I seem to see this type of solution a lot with blender, and think its a bit overused. most people seem to use it to get around properly skinning and weighting verts, which I admit is a very difficult process.but autoweighting options should never be an end result, only a starting place. I wasn't planning on doing anything about weighting for a long time though quite honestly, which would give me a good chance to take a better look at the fine details of what works and why. Low poly characters though have their own pluses and minuses. perhaps the biggest issue is that you not only have to weight correctly, you need to model it correctly as well. that being said, I think I'll change gears for a tiny bit, and post a little low poly skinning modeling video. I'll be just showing the end result and theory, so it will be in max, but since there will be nothing program specific I don't think it will make a difference.
that being said. there are two things I don't like with this solution when it comes to games. 1) you are adding more nodes in your skeletal hierarchy, not sure if this is still a major issue or not anymore though. and 2) games also don't like scaling bones. so any stretchy bones should be kept to rig controls and helpers and not in the way of skinning.
that being said. here are some things that I'll go over in the video(which will be much easier to see) however I'm gonna test a couple things to see if I can get better results by moving things around a bit further.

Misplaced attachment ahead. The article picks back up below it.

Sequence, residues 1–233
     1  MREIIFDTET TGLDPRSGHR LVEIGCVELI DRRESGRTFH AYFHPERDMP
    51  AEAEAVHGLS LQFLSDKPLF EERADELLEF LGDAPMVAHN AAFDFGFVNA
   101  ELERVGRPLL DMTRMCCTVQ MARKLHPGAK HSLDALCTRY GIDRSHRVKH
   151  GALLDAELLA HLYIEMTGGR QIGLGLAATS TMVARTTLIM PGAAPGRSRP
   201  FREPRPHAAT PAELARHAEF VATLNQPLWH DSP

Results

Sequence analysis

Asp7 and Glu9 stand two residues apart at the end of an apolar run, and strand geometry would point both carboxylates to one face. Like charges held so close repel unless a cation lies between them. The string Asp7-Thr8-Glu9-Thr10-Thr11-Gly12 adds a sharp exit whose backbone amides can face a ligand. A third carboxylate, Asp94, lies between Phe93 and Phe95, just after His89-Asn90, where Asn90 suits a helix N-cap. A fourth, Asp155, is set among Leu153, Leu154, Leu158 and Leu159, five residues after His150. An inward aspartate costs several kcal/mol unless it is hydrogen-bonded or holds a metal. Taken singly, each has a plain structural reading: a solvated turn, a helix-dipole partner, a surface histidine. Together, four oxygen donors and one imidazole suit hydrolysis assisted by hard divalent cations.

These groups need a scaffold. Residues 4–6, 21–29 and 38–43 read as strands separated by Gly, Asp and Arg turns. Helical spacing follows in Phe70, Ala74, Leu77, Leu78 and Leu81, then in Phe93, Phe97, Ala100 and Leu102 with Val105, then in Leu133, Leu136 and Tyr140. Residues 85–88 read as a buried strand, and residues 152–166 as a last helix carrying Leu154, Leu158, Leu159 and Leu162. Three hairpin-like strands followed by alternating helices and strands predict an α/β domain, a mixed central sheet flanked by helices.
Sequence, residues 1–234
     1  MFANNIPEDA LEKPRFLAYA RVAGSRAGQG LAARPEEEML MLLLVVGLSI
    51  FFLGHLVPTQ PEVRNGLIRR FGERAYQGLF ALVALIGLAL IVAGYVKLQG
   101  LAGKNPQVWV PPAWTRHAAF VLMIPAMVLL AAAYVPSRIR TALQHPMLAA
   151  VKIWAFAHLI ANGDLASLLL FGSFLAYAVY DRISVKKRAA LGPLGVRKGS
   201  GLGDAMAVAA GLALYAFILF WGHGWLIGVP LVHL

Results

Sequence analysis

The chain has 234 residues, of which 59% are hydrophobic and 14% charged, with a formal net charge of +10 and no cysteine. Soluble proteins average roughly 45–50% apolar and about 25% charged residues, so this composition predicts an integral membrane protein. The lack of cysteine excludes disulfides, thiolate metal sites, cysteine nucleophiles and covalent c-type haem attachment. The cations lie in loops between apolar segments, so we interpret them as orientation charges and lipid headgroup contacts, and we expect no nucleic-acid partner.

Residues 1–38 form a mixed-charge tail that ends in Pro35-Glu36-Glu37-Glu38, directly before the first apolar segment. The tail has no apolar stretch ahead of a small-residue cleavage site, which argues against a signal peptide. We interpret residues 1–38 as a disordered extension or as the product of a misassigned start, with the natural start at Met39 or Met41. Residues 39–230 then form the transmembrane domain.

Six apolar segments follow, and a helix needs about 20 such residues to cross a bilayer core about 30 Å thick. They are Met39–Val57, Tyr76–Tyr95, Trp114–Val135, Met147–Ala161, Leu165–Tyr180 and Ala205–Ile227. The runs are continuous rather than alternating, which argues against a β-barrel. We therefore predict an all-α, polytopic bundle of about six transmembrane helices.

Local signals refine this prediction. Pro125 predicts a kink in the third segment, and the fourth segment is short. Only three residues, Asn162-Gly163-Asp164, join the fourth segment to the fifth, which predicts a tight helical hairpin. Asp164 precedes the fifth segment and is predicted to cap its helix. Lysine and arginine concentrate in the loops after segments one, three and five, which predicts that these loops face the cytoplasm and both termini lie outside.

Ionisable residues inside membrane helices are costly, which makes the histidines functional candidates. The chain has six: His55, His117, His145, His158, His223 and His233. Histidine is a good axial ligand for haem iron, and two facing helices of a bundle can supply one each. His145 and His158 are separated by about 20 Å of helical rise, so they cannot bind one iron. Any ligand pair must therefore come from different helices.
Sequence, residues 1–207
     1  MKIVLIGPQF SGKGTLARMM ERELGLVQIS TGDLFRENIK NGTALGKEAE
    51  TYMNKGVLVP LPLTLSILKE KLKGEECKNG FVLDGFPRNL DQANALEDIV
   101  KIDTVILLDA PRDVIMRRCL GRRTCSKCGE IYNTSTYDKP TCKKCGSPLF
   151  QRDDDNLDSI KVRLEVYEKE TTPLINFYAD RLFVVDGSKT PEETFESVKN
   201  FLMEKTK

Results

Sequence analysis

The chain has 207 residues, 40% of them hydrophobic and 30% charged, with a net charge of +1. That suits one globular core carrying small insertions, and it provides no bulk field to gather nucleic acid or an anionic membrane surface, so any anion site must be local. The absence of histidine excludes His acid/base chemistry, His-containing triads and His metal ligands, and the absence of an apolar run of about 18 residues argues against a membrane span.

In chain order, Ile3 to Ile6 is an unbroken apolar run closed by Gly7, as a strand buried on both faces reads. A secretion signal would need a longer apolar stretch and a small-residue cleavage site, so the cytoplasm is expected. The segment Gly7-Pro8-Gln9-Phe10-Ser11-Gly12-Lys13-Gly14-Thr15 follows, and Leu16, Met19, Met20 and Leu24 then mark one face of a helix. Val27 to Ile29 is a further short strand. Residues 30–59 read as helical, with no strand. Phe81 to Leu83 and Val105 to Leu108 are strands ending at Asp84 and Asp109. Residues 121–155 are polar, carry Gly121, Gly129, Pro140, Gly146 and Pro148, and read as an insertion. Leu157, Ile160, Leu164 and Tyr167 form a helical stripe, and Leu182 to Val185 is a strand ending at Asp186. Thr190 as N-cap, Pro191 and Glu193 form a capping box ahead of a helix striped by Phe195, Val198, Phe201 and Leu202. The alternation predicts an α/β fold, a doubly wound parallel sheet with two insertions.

currently the option looks like this.... bone runs down the middle of the finger(this may change if I find it works better at the top or bottom) ok, lets look at vertex placement first. your top vertex should be placed at a 45 degree angle toward the tip of the finger the bottom joint should be placed at a 45 degree angle in the opposite direction. this puts the verts in the correct place for the final pose. now as for weighting. with such minimal geometry the weighting will go 100% to the parent if you have multiple polys for the joint, you'll have most of the verts weighted to the parent bone in the joint, then you'll leave the last row 100% weighted to the child to keep thickness correct.
weighting like this should give you plenty of control for fingers without the extra bones. it will fall apart moving much past a 90degree bend, however it holds up well enough to what well enough to what the hand is actually capable of. and for the knee or elbow, you'll have a little extra geometry anyway
EDIT:Finished the video so its a little clearer what I'm talking about. http://www.youtube.com/watch?v=oWlqYGjnCEU